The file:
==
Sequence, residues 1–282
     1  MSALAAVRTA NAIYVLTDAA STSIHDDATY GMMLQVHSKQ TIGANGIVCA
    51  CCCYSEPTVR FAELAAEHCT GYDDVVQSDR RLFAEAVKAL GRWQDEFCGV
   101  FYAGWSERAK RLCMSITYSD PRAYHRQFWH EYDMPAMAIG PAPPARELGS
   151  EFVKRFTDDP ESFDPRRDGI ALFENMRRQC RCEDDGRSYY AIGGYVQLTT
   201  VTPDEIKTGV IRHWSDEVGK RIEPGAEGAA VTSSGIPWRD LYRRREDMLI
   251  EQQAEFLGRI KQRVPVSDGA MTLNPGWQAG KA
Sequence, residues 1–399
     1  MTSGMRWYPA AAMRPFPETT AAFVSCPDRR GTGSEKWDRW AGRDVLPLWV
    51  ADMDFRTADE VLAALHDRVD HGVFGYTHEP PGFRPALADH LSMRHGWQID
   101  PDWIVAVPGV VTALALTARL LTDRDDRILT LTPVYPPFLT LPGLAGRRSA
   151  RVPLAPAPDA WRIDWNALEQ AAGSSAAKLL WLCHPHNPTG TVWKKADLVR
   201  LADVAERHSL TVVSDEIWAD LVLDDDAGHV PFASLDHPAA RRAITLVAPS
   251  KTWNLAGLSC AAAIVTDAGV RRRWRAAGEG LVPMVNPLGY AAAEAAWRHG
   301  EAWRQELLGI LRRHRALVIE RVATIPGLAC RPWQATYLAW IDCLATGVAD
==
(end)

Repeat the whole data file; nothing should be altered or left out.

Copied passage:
Sequence, residues 1–282
     1  MSALAAVRTA NAIYVLTDAA STSIHDDATY GMMLQVHSKQ TIGANGIVCA
    51  CCCYSEPTVR FAELAAEHCT GYDDVVQSDR RLFAEAVKAL GRWQDEFCGV
   101  FYAGWSERAK RLCMSITYSD PRAYHRQFWH EYDMPAMAIG PAPPARELGS
   151  EFVKRFTDDP ESFDPRRDGI ALFENMRRQC RCEDDGRSYY AIGGYVQLTT
   201  VTPDEIKTGV IRHWSDEVGK RIEPGAEGAA VTSSGIPWRD LYRRREDMLI
   251  EQQAEFLGRI KQRVPVSDGA MTLNPGWQAG KA
Sequence, residues 1–399
     1  MTSGMRWYPA AAMRPFPETT AAFVSCPDRR GTGSEKWDRW AGRDVLPLWV
    51  ADMDFRTADE VLAALHDRVD HGVFGYTHEP PGFRPALADH LSMRHGWQID
   101  PDWIVAVPGV VTALALTARL LTDRDDRILT LTPVYPPFLT LPGLAGRRSA
   151  RVPLAPAPDA WRIDWNALEQ AAGSSAAKLL WLCHPHNPTG TVWKKADLVR
   201  LADVAERHSL TVVSDEIWAD LVLDDDAGHV PFASLDHPAA RRAITLVAPS
   251  KTWNLAGLSC AAAIVTDAGV RRRWRAAGEG LVPMVNPLGY AAAEAAWRHG
   301  EAWRQELLGI LRRHRALVIE RVATIPGLAC RPWQATYLAW IDCLATGVAD